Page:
Sixteen new full-time faculty joined the College of Visual and Performing Arts (VPA) for the 2023-24 academic year. Two of the faculty members are also new department chairs in the college. Gregg Barron, assistant teaching professor of music industry in…
Nikole Hannah-Jones, Pulitzer Prize-Winning Creator of the 1619 Project, Discusses Her Groundbreaking Work
Nikole Hannah-Jones, Pulitzer Prize winner and staff writer for The New York Times Magazine, spoke in-depth about her personal experiences and writings centered on racial injustice, an examination of the modern legacy of enslavement and school resegregation during a Universitywide event Friday, Oct. 28. The event, co-sponsored by the Office of Diversity and Inclusion and other campus units and schools and colleges, took place at the Syracuse University Art Museum.
Hannah-Jones is the author of the 1619 Project, a series of academic essays that was published in The New York Times Magazine to commemorate the 400th anniversary of the beginning of American slavery. Considered by many to be a cultural icon, Hannah-Jones has dedicated her career to covering civil rights and racial injustice.
During the University event, Hannah-Jones highlighted the central argument of her project, which is the significant role enslavement played in the building of our nation, as well as shining light on accurate historical facts around slavery that she says are rarely taught in America’s education system. “You can’t teach what you don’t know yourself,” she said.
Hannah-Jones said that the first step in making people aware of the authentic history of the United States is to better train teachers to teach basic history concepts. “Stop treating histories as segregated histories,” Hannah-Jones said. “You can’t treat the history of Black people as segregated from the history of America.”
The conversation continued with Hannah-Jones highlighting the fact that the reason the North seemed more desegregated than the South was because their population consisted of significantly fewer Black people before the Great Migration occurred. She pointed to the state policies aimed at suppressing Black populations, even in Northern states where slavery had been abolished or was not a common practice.
“Progressivism is almost everything but race,” Hannah-Jones said. “Slavery shapes everything in America, whether you know it or not.”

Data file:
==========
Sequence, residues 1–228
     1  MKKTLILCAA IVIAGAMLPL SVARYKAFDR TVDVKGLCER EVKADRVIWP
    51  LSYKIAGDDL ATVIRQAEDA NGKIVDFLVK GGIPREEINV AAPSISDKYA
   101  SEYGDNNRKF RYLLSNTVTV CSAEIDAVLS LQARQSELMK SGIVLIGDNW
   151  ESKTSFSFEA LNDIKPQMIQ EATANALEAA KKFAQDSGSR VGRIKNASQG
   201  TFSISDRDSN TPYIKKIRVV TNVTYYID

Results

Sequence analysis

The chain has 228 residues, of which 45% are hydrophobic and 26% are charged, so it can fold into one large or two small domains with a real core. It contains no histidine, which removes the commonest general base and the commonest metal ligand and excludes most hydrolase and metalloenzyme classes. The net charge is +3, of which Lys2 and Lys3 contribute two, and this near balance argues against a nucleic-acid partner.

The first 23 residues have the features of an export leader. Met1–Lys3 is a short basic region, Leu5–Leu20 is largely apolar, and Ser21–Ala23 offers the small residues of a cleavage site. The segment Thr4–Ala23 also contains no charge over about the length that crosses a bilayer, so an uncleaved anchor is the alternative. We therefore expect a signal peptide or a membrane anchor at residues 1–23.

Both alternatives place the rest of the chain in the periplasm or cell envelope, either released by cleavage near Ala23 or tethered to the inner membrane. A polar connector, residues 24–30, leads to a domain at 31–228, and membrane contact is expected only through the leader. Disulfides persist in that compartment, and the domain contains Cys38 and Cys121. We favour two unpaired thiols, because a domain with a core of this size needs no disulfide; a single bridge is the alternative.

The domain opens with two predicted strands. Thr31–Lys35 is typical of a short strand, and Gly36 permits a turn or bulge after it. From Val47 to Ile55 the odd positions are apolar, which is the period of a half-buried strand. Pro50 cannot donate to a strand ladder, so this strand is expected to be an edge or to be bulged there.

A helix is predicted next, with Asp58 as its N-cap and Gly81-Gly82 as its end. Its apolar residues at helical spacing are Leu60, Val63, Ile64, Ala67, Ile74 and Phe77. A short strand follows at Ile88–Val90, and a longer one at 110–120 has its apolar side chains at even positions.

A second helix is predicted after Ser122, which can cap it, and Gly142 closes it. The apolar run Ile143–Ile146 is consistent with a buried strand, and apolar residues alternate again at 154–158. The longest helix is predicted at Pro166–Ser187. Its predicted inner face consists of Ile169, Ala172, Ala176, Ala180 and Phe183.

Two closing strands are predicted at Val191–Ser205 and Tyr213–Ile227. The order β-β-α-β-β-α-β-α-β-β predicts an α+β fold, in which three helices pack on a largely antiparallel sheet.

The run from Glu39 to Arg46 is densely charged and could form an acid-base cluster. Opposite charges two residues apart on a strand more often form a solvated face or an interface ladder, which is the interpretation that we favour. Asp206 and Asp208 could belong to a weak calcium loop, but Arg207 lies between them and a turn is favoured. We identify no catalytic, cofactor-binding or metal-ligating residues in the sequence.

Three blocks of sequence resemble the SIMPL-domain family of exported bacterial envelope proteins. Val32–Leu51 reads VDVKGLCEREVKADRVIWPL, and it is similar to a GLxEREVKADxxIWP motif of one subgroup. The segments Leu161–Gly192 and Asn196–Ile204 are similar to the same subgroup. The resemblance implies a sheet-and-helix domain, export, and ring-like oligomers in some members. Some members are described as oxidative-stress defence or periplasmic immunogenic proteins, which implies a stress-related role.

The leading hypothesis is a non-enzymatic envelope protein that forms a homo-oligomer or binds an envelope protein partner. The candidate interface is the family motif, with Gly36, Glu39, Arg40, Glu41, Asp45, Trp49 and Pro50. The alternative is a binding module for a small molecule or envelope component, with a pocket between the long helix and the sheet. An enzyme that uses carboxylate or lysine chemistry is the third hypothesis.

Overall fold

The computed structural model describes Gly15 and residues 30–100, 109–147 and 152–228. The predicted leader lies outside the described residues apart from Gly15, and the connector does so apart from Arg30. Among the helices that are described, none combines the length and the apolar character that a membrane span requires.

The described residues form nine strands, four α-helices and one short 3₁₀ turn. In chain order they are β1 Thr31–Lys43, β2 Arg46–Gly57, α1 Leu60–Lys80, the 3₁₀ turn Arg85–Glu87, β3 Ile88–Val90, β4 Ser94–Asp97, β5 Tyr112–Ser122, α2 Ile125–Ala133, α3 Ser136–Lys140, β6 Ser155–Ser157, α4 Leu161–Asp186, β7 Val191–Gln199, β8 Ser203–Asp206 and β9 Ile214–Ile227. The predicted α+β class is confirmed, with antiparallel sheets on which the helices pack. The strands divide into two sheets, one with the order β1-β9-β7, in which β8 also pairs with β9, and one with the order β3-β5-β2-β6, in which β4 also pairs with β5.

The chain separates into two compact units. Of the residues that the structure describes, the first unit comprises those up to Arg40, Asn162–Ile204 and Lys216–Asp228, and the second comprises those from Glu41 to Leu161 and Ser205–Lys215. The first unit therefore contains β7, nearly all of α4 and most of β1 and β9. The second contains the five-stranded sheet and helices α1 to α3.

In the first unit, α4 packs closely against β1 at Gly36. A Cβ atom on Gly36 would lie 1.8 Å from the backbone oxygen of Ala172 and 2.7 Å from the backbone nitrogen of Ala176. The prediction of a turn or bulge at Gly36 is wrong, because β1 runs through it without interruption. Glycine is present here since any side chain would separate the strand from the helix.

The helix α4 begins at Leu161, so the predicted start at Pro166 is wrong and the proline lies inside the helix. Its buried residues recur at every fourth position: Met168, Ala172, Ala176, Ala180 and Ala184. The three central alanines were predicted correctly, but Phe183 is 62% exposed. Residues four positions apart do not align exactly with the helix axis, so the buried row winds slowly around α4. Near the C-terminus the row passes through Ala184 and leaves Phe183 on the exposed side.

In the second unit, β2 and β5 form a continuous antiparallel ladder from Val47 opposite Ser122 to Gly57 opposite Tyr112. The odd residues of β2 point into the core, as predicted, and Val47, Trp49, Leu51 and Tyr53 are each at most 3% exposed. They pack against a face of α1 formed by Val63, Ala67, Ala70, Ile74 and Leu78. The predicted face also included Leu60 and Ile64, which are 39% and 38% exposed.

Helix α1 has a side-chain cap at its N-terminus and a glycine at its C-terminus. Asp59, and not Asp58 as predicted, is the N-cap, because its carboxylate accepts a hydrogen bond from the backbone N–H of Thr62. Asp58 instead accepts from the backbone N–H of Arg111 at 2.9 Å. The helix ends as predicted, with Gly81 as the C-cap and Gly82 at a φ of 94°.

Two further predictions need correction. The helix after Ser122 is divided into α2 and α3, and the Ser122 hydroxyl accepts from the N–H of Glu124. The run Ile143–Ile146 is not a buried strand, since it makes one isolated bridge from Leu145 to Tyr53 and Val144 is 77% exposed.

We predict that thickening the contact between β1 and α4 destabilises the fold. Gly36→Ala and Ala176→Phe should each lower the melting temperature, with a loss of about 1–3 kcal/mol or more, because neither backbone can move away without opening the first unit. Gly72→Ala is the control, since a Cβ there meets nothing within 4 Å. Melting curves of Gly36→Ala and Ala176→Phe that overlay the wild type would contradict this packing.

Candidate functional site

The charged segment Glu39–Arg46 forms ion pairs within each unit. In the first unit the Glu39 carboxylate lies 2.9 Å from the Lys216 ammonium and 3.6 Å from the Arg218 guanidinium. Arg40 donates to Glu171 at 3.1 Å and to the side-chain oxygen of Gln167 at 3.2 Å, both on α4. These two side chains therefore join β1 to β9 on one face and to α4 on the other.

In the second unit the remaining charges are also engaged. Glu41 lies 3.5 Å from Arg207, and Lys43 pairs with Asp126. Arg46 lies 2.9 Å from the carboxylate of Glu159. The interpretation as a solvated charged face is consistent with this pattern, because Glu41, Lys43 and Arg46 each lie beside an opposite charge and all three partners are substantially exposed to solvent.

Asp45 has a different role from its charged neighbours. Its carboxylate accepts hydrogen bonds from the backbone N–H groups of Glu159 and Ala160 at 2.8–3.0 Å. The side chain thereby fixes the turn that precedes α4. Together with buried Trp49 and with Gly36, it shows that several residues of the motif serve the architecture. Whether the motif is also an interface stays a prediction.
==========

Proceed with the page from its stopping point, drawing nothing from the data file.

When asked a question about preparing to publish such a “controversial” project, Hannah-Jones said that the 1619 Project is not at all controversial, but rather argues from an explicit perspective. This perspective is that Black people are our nation’s real founding fathers and slavery not only had a significant impact on the U.S. Revolution, but our society as a whole, she said.
“Almost nothing is more fundamental to understanding society than slavery,” Hannah-Jones said.
Hannah-Jones said she has not worked to be a professor her whole life, but rather a journalist who exposes what goes on and allows the people of democracy to decide what to do with it. She believes that there is no educator like the press, which has been the basis for all of her work, including the 1619 Project.
Hannah-Jones’ advice for those who want to make change is to pick a single institution that they align with the most and defend it.
Jessica Lynn Elliott, a fourth-year Ph.D. history student in the Maxwell School of Citizenship and Public Affairs, was the moderator for the discussion.
Along with the Office of Diversity and Inclusion, the event’s co-sponsors included the Office of Academic Affairs, the College of Arts and Sciences, the College of Engineering and Computer Science, the Martin J. Whitman School of Management, Maxwell School of Citizenship and Public Affairs, S.I. Newhouse School of Public Communications, Student Living, Syracuse University Libraries, the David B. Falk College of Sport and Human Dynamics, College of Law, School of Education, School of Architecture and the Center for Teaching and Learning Excellence.
Story by Julia Mazzer ’24, a student majoring in public relations in the S.I. Newhouse School of Public Communications and an intern with the Division of Communications